Reassessing Security at NYC's Proposed Freedom Tower

Develolper and authorities work to create inpenetrable security at forthcoming landmark


Once intended as a shimmering, soaring declaration of political resolve and architectural ambition, the Freedom Tower at the site of the World Trade Center is being reimagined as something more impregnable. So the challenge now faced by its designers is to keep it from looking like a high-rise bunker.

The Freedom Tower may end up with a structurally massive base that is distinctly different from the upper office floors. The designers may use stainless-steel cladding, reinforced glass or even translucent concrete, a new material embedded with strands of glass that transmits light and shadow through seemingly impervious walls.

The redesign, ordered by Gov. George E. Pataki last month in response to security concerns raised by the New York Police Department, will add tens of millions of dollars to the building's estimated $1.5 billion cost. Less than four weeks before the governor's deadline of the end of June, details of the redesign are still being worked out, said Silverstein Properties, developers of the Freedom Tower and 7 World Trade Center, and Skidmore, Owings & Merrill, the architects of both buildings.

The urgent push to fortify what had already been called ''probably the safest building in the world'' by its chief architect, David M. Childs of Skidmore, has raised broader questions about the site planning and architectural criteria for the trade center redevelopment project.

Today, two City Council committees will consider security concerns at the Freedom Tower and the larger issue of Police Department involvement in the design and construction of big buildings and development projects.

If antiterrorist security had been the one and only consideration at the trade center site, the first designs for the Freedom Tower and other projects would seem to flout some basic axioms put forth by the Defense Department, the Federal Emergency Management Agency and the American Institute of Architects.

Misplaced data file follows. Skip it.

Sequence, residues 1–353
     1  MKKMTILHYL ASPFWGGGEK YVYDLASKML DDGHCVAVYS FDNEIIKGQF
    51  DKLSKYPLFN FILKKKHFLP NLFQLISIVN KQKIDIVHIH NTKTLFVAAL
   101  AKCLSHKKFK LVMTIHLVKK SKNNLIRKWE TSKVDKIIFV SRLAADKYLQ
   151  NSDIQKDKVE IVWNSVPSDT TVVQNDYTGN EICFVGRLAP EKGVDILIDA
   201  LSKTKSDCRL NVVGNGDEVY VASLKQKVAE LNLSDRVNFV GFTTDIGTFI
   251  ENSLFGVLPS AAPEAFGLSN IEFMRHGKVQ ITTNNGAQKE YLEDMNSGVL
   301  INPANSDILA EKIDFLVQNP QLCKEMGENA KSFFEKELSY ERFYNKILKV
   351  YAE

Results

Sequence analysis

In publicly available reports, they advise that attention-getting architectural symbols are prime targets and should be located far from potential vehicle-borne bombs; glass facades can be lethal in a blast; train stations and underground garages are especially vulnerable to attack; and spacious, column-free interiors under other structures may be liable to collapse.

At the trade center site, planners have envisioned a defiantly tall skyscraper laden with symbolism on a site bounded by a heavily trafficked state highway; a memorial that is expected to draw millions of visitors; and a transparent, glimmering museum directly above the broad, column-free mezzanine of a busy commuter rail and subway station. City streets will lace the site. Below them will be a network of ramps, roadways, loading docks and parking spaces.

Officials still intend to follow this broad development outline, but the design of the Freedom Tower is being revised to provide a greater shield from vehicle-borne explosives. This is generally described as ''the most important consideration'' in antiterror structural design by the emergency management agency, even though the last attack on the trade center was an aerial assault. Cars and trucks have proven to be an effective way of delivering large explosive charges.

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